Salmon Arm RCMP say residents have been receiving calls from fraudster claiming to be with Publishers Clearing House. (File photo)

Salmon Arm RCMP say residents have been receiving calls from fraudster claiming to be with Publishers Clearing House. (File photo)

Salmon Arm RCMP warn of Publishers Clearing House telephone scam

Police say scammer requests fee to claim sweepstakes prizes

If you receive a telephone call from Publishers Clearing House asking for money to receive a prize, it’s most definitely a scam.

Salmon Arm RCMP are warning the public that local residents have been receiving calls from someone claiming to represent the magazine subscription marketing company. The caller explains that a car and “sizable amount of money” have been won. In order to claim them, however, the caller states a $500 fee is required to cover deliver costs.

“Remember,there are no prize fees or taxes in Canada; if you’ve won, it is free!,” explained Staff Sgt. Scott West in a news release.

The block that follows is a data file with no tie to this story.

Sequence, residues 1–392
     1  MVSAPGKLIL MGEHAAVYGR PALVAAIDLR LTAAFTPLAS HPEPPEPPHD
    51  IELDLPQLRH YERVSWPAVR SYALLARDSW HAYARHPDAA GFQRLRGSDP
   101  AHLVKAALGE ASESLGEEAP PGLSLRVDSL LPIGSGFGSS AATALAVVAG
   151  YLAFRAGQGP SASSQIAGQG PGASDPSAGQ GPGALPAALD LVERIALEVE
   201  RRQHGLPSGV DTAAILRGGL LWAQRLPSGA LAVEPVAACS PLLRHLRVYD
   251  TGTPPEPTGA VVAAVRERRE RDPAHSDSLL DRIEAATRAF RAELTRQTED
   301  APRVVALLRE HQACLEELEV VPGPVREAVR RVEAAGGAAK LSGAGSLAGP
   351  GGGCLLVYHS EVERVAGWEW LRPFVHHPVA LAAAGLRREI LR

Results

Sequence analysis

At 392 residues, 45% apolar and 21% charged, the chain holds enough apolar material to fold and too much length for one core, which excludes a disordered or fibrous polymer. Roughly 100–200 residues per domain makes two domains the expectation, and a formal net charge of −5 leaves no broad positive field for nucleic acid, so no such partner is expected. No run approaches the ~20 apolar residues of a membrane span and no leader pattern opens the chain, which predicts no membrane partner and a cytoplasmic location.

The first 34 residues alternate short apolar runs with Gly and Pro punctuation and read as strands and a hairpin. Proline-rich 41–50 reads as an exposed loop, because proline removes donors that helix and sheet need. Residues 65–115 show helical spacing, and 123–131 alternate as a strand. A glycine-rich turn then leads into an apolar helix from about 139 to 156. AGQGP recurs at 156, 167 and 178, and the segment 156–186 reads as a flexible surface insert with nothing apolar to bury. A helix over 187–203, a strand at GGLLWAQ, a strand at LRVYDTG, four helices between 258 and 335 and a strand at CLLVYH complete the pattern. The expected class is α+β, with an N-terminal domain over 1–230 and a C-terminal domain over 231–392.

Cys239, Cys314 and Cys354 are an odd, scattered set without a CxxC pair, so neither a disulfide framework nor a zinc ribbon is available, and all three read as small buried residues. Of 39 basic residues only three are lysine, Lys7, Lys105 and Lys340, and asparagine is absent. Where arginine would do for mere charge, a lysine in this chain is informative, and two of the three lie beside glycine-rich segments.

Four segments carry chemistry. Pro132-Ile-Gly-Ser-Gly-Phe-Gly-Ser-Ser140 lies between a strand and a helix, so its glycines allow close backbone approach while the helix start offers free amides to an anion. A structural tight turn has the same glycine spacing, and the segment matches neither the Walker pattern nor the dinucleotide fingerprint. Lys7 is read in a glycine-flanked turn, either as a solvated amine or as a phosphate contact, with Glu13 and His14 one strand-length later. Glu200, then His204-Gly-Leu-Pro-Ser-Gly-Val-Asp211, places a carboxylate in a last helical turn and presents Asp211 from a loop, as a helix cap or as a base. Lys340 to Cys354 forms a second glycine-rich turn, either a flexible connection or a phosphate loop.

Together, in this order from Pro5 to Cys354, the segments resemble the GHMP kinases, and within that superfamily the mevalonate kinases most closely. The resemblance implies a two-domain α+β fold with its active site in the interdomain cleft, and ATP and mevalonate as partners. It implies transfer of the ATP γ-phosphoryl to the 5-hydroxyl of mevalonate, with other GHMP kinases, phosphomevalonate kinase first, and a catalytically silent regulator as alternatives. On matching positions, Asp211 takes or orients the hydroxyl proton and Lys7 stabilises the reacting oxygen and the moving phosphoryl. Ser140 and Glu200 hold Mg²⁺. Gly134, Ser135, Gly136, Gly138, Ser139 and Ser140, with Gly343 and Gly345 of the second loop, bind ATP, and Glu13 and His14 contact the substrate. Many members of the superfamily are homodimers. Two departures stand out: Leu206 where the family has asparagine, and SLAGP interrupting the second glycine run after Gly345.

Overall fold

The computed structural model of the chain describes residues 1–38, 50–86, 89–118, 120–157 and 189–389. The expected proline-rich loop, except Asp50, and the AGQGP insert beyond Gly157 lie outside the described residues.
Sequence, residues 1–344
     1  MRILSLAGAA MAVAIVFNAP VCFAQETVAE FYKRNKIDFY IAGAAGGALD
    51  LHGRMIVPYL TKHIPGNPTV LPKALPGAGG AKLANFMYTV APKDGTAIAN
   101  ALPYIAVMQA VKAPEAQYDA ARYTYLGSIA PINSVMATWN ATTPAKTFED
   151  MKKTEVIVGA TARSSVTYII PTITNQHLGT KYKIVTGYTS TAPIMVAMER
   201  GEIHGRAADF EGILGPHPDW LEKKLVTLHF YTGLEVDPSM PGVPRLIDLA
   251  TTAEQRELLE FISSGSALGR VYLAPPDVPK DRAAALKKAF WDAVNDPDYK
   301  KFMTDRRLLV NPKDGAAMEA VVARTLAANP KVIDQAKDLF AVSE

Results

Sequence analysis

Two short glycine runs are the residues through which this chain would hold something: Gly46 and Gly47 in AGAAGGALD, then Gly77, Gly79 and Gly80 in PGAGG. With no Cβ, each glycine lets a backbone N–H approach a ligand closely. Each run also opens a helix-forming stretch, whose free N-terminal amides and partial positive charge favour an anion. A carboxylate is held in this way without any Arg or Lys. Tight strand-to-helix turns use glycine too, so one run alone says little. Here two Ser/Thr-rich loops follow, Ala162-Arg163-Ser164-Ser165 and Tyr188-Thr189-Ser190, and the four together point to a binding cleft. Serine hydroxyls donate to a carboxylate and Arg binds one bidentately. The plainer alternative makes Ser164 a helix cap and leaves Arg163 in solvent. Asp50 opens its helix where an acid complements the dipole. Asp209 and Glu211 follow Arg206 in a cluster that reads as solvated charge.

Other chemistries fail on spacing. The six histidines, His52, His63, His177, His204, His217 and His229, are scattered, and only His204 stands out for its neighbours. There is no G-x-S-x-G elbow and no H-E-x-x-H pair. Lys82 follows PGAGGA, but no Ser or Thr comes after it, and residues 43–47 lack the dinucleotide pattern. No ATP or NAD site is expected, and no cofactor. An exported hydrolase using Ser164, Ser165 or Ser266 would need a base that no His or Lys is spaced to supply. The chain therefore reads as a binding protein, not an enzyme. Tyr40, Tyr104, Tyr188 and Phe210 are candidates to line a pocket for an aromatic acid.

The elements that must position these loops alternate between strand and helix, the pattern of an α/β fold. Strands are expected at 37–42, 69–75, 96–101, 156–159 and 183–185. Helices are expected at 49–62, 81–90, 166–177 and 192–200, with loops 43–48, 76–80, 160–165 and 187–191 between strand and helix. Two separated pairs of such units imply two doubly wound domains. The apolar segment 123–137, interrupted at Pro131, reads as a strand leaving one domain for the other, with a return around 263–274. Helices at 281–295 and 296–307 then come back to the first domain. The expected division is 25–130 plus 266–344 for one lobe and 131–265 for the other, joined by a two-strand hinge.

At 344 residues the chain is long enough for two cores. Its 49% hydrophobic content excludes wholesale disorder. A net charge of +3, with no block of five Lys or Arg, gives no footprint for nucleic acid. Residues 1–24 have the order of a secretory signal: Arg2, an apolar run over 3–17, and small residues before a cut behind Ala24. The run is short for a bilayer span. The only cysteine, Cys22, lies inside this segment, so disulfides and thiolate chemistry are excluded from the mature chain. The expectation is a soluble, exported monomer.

West said the fraudster making the calls asks that money be paid to an account number, complete with transit number. They might also thank the “winner” for bill payments to accounts the call’s recipient may hold. West said it is unknown at this time how the scammer may have acquired that information. However, he stressed, “Do not initiate a transfer of funds. It is a scam!”

Read more: RCMP warn of fake gold scam in southeastern B.C.

Read more: Kelowna RCMP warn public as gift card scam season comes

On its website, Publishers Clearing House states winners of major prizes are notified “live and in person,” while winners of lesser prizes are notified through an express carrier service and by email.

West compared the Publishers Clearing House scam to the Canadian Revenue Agency scam calls that are prolific around this time. He offered the following tips on how to respond:

• Be very wary about unsolicited calls; remember, if it sounds to good to be true, it is;

• Do not give out any personal informing to these callers. No address, social insurance number, birth date, credit or banking information. Don’t even confirm this information;

• Do some research yourself – look online, and call the company that is supposedly giving you this windfall, and call them to confirm.

“Again, be wary because companies have been and continue to be spoofed online and in e-mail,” said West.

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